As you say, you are only 43 and are becoming increasingly resentful and frustrated even though you are trying hard not to let it show. Your sister works long hours and presumably this job is important to her, so it seems like most of the burden falls on you. You say that you will “carry on until the end” but sadly, none of us knows what lies ahead. Your aunt could deteriorate slowly and this situation could go on for some time. Only you know how much you are prepared to give but I think it’s important to factor in your own needs

So, to answer your main question, how do you get your aunt to agree to some help?

I notice that somehow you persuaded her to come back from Spain and you talk about successfully “frog marching” her to the doctors. You don’t say what her state of mind is at the moment or what kind of personality she has, but by this point you probably know her quite well so I’m going to suggest three possible approaches and hopefully you will get some ideas about what might work with her

Softly softly

I imagine that your aunt is feeling fearful about the future and frustrated by her lack of mobility and speech difficulties on top of everything else. Can you find a way to reassure her that you are on her side and open up this conversation? If she feels safe to talk about her concerns, it might be easier to suggest some changes.

Try stealth. Have a chat with the warden of her flats and see if they would be willing to say they have a new policy of checking up on residents more frequently and so gradually introduce the idea of regular visits from an outsider? Or perhaps think of somewhere she’d really like to go, get her interested and then just lightly mention that it involves some uphill walking so you’re going to bring along a fold-up wheelchair to put on the bus.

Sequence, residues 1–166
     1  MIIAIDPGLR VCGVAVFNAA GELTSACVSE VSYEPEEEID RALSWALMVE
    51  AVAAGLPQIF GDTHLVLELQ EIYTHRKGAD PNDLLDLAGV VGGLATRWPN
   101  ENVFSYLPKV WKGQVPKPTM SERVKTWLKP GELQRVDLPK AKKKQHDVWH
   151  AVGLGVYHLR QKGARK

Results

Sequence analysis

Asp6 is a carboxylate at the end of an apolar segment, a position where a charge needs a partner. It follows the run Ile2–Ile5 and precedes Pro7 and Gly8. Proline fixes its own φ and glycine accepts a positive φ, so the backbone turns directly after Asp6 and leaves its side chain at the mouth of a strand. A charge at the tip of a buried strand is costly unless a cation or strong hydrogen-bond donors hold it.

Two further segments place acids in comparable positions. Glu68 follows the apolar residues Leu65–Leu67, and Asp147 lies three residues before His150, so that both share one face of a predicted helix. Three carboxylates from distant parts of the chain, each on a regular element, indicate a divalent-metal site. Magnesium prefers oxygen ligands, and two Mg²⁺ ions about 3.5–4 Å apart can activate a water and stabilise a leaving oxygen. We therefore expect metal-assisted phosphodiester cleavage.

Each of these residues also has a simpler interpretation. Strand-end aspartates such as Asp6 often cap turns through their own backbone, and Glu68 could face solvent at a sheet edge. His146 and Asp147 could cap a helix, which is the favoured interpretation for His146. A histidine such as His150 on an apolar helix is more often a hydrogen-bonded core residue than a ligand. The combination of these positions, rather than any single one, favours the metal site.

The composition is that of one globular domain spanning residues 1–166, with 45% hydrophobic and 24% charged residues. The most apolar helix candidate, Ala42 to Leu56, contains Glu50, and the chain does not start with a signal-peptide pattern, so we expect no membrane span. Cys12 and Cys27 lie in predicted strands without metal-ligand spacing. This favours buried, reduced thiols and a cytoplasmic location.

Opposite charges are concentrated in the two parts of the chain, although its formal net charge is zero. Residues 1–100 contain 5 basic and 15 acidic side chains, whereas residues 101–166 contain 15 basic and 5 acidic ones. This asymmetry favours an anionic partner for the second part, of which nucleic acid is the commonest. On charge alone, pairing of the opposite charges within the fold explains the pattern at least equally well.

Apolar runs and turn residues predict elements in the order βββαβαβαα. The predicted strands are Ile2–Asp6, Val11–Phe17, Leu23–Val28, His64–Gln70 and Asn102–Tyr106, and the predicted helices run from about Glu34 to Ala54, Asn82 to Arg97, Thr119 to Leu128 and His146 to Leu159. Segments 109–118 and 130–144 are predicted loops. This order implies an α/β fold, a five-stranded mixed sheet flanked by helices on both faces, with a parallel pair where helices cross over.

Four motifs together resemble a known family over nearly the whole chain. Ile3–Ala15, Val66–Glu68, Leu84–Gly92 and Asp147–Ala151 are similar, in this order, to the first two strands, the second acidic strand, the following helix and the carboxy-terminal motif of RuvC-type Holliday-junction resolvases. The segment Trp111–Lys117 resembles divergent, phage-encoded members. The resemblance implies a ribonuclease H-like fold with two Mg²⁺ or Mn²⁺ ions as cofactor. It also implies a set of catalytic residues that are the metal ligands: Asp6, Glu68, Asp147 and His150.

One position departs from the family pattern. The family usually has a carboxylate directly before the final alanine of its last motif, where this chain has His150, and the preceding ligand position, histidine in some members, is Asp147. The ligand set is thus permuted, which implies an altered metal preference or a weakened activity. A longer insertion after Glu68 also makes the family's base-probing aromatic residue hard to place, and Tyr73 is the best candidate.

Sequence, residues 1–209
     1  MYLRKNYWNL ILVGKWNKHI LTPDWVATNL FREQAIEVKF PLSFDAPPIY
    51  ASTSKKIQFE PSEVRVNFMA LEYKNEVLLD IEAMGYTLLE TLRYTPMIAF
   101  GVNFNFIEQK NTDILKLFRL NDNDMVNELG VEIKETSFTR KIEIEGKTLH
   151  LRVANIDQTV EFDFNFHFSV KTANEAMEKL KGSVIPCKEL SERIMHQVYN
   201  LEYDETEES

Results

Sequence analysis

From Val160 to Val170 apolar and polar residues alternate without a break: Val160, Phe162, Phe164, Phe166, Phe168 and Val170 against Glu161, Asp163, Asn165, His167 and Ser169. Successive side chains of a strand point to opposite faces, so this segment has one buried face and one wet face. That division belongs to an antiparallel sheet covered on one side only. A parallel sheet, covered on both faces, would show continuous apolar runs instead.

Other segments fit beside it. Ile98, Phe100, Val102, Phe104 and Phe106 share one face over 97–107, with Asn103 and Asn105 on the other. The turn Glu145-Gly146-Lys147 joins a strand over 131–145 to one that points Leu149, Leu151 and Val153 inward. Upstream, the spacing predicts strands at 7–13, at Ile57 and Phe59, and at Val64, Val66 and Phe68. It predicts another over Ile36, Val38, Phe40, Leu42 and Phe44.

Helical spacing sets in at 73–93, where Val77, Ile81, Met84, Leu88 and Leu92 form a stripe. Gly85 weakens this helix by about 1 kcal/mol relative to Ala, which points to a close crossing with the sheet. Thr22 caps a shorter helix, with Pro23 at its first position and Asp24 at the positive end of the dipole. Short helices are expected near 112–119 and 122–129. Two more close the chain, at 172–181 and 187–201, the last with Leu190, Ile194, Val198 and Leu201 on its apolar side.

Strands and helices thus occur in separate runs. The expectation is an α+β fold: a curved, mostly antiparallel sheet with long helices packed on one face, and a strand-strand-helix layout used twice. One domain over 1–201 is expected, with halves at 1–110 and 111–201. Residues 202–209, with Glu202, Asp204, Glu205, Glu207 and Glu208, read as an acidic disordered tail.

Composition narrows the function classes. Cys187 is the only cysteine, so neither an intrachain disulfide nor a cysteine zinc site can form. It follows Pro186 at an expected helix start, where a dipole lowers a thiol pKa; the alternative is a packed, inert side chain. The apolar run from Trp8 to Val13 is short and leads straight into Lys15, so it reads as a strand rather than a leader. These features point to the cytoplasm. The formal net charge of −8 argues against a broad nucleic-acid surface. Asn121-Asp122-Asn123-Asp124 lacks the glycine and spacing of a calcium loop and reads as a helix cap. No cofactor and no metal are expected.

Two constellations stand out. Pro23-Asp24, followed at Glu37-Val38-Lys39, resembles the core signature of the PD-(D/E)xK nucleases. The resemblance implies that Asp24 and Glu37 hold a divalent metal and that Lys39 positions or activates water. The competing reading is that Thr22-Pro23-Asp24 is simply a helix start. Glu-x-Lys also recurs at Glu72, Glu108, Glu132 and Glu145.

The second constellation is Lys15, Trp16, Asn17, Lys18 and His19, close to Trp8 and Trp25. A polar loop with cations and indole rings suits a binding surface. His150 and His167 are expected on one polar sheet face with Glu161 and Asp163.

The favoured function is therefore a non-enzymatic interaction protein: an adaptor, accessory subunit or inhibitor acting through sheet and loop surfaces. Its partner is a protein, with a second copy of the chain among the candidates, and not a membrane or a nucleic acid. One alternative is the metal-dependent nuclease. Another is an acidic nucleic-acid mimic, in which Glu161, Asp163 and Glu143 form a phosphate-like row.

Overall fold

Adult to adult

Sit down with your aunt as an equal, ask her how she is finding life back in the UK and tell her how you see it. Set out your concerns honestly. Appeal to her better nature. Explain that whilst you love her and want to take care of her, this is taking its toll on you – back ache, getting behind at work, less time with your son. Ask her what she perceives as the problems and ask her what her solutions might be. You could say that you are exhausted and have arranged to have a short holiday with your son and say how important it is for her to have help while you are away. Reassure her that there is no shame in having support and say that you will help her to arrange this.

Tough love

“Tough love” is often used for difficult children. Sadly, even though you respect your aunt as an older person, because of her frailty you have become the “grown-up” in this situation. It would mean putting down some firm boundaries, making it clear exactly what you can and can’t do and encouraging your aunt to take responsibility for solving her own problems. You might say, for example, that you’ve asked a social worker to pop in for a chat or arranged for a cleaner to come once a week. Or that you’re going to make an appointment for her to go back to the GP and you plan to go with her. It might sound like you are laying down the law, but it could also be a relief to your aunt once she gets used to the idea that someone is aware of her struggles and is taking charge.

It’s hard to make someone change. Sometimes we have to make changes in ourselves and that causes the other person to act differently. If you would like to talk through your feelings, which approach might work best, or how to be more assertive in this very difficult situation, I would be happy to arrange a (free) phone call.

You sound lovely but also frustrated and worn down, so do try and tackle this now. It won’t be easy but in the long run, there will be benefits for all the family.

This article was published in October 2016.

Dr Lesley Trenner is an Ageing Parent specialist with extensive qualifications and experience in life coaching. Lesley provides one-to-one help for people who are struggling to balance work and care, or cope with mid-life, family and career challenges. Sessions are available face-to-face (London) or on the phone. Email Lesley or call 07919 880 250 for a free introductory chat. You can also visit her Facebook page.